ENTERPRISE, Ala. (WDHN) — Since its opening, the Big Bend Wildlife Sanctuary has helped around 1,400 animals per year.
From turtles and tortoises, owls and hawks, to deer and more, they rehabilitated injured animals to get them back in their natural habitat.
“Our goal is to take injured or orphaned, natural wildlife, and we will do what we need to do to get it back into the wild,” said John Morse, owner of the Big Bend Wildlife Sanctuary. “Our motto is this is where wildlife come for a second chance.”
But now, it’s coming to an end as the owners have decided it is time hang up their hats.
“We are cutting back on the animals,” Morse said.”We are retiring. We have been doing this for over seven years here in Alabama. We’re just getting tired. We’re getting, you know, to the point where we need to have some help on this.”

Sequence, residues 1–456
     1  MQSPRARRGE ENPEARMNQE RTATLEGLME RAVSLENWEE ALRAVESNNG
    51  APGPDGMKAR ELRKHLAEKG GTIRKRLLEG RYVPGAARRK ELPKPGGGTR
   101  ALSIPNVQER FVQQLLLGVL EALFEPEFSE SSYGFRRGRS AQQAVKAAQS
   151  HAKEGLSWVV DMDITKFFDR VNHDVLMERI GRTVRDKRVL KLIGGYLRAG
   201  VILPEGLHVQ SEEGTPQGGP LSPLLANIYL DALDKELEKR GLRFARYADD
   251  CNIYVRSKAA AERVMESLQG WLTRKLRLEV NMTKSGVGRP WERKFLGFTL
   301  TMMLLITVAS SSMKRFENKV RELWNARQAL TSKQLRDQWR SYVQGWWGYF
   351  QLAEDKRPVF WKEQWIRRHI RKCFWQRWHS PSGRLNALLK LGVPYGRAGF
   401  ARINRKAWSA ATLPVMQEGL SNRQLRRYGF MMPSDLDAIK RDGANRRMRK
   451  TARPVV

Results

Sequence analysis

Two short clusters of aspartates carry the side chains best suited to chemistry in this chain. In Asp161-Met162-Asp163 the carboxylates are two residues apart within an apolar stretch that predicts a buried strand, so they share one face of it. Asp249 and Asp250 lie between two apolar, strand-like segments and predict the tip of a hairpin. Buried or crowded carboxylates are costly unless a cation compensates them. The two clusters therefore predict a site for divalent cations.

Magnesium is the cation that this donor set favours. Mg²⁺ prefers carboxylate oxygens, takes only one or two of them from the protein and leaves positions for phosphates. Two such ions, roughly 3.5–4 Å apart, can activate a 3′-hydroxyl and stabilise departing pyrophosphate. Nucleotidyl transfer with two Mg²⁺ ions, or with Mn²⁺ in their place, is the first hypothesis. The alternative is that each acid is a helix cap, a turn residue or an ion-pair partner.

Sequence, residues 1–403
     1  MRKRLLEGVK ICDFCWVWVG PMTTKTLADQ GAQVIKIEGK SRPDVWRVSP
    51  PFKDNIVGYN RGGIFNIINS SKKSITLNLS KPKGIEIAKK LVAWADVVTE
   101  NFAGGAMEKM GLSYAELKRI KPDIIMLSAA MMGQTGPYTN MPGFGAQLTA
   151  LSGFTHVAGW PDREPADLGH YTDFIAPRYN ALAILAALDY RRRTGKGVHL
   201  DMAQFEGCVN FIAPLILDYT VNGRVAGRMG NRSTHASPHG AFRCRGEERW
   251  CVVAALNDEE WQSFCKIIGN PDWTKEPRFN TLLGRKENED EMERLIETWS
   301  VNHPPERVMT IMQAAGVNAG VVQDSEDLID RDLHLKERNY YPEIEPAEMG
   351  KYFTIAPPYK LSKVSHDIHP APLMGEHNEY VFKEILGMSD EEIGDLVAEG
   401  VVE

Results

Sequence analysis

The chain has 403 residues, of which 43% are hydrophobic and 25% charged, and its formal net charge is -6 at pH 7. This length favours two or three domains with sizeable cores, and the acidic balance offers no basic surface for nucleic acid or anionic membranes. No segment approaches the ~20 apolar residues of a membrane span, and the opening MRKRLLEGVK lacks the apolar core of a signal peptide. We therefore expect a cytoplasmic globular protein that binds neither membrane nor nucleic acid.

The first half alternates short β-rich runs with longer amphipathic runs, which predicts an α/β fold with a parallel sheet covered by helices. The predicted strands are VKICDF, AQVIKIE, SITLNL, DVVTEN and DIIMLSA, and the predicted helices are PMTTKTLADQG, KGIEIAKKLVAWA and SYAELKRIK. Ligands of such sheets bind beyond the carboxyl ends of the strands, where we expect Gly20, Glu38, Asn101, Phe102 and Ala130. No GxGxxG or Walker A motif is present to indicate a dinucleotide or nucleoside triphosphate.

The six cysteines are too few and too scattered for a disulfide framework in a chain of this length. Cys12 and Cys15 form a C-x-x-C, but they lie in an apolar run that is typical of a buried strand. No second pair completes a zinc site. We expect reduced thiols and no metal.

It is because of the big bend wildlife sanctuary that animals like grizzly, a one-winged red-tailed hawk, have a second chance at survival.
“Has it been fun? Absolutely!” Morse said. “I enjoy being out with the wildlife every day that I’m with them. It’s the best job you could have, and I say that from experience.”
He said to keep wildlife rehabilitators in business, people need to push for their support.
“Tell the state that we do need wildlife rehabilitators,” Morse said. “We do need the help from the state and the feds, that wildlife matters, and that wildlife deserve a second chance to get back in the wild.”